On 6 April, the Chinese Ministry of Commerce’s Antimonopoly Bureau (MOFCOM) released its quarterly list of unconditionally approved merger cases, which identified 81 unconditional clearances made during the first quarter of 2016. The number of cases remains high, at similar levels to those observed during 2015.
A review of the parties participating in each case shows that transactions involving foreign firms continue to account for the majority of notified transactions. However, approximately one-third of notified cases featured purely domestic operators, which represents a significant rise as compared to previous years.
Whereas fewer Japan-based companies have been involved in merger control procedures, Europe and US-headquartered businesses continue to make up the majority of foreign companies involved.
As in previous quarters, around three quarters of all transactions were cleared under the simple case procedure.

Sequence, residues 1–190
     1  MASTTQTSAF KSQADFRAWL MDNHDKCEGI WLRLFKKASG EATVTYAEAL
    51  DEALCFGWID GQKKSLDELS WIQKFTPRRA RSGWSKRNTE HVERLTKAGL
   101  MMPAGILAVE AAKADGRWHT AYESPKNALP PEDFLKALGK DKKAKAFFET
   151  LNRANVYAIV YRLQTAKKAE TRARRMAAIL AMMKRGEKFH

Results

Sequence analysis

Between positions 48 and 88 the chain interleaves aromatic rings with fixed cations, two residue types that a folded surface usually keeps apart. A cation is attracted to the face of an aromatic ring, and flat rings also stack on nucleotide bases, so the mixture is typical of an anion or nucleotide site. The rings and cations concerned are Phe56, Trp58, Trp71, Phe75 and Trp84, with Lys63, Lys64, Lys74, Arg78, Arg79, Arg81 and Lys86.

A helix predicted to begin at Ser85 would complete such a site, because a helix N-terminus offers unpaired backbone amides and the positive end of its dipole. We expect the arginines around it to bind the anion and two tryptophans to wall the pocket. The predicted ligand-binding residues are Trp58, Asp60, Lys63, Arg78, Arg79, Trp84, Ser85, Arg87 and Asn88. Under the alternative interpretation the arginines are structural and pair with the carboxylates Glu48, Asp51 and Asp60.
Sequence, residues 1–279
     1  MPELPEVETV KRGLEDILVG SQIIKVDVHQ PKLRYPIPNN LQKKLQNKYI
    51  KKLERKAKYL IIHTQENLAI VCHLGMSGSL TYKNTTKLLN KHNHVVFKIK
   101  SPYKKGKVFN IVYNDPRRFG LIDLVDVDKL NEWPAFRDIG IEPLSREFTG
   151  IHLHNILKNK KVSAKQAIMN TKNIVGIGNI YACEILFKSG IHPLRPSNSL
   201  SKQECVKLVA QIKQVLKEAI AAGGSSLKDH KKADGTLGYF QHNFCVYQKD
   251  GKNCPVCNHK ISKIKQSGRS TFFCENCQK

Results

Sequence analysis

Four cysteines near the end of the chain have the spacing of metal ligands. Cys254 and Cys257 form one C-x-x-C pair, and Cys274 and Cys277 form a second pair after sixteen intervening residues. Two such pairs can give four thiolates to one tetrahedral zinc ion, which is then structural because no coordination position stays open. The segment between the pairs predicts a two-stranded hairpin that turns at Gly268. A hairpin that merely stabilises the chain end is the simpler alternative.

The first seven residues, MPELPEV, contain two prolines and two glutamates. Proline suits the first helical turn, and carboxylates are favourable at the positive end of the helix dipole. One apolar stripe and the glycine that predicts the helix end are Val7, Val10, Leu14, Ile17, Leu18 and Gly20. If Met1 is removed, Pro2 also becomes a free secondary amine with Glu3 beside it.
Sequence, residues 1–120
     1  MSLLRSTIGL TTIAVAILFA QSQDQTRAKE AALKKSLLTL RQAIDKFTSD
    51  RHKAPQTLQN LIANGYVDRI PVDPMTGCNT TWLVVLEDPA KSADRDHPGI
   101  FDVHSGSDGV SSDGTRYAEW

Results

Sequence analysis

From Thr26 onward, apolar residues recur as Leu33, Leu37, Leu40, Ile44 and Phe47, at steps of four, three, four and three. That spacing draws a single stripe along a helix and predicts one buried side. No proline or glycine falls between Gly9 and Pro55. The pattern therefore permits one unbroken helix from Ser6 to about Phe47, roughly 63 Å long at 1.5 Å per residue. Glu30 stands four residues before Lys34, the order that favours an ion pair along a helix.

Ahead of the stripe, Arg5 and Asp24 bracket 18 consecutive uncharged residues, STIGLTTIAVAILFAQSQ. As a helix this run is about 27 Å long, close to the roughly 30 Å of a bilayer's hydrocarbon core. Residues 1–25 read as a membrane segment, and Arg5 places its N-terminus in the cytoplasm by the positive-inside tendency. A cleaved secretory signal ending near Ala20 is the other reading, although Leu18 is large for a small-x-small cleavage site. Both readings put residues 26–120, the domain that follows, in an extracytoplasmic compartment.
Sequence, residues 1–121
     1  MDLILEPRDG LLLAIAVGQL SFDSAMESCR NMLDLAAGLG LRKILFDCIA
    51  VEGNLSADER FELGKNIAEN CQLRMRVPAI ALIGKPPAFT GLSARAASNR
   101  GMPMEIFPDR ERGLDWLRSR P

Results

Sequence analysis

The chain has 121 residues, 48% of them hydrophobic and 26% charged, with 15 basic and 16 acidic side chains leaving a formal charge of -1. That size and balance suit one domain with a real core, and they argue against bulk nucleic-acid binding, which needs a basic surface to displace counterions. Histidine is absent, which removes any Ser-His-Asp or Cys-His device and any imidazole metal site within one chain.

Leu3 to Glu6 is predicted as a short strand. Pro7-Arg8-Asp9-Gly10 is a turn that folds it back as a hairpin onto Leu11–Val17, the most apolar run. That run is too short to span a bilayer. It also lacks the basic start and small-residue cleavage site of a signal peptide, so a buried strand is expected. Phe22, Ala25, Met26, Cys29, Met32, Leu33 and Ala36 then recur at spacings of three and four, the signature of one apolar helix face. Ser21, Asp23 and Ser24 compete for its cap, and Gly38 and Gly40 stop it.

While the procedure does not offer a guarantee of expedited treatment, a comparison of the publication date for each simple case against the approval date mentioned in MOFCOM’s quarterly list reveals that clearance was granted on average 27 days after the notification was accepted as complete. This is slightly shorter than the average length since the new procedure was introduced two years ago. It is also noteworthy that the length of the procedure in a vast majority of the cases approved during the quarter is below or close to the average, with only one transaction necessitating a protracted review (149 days). The dispersion has progressively decreased over the course of the last quarters, showing that the regime has now reached maturity.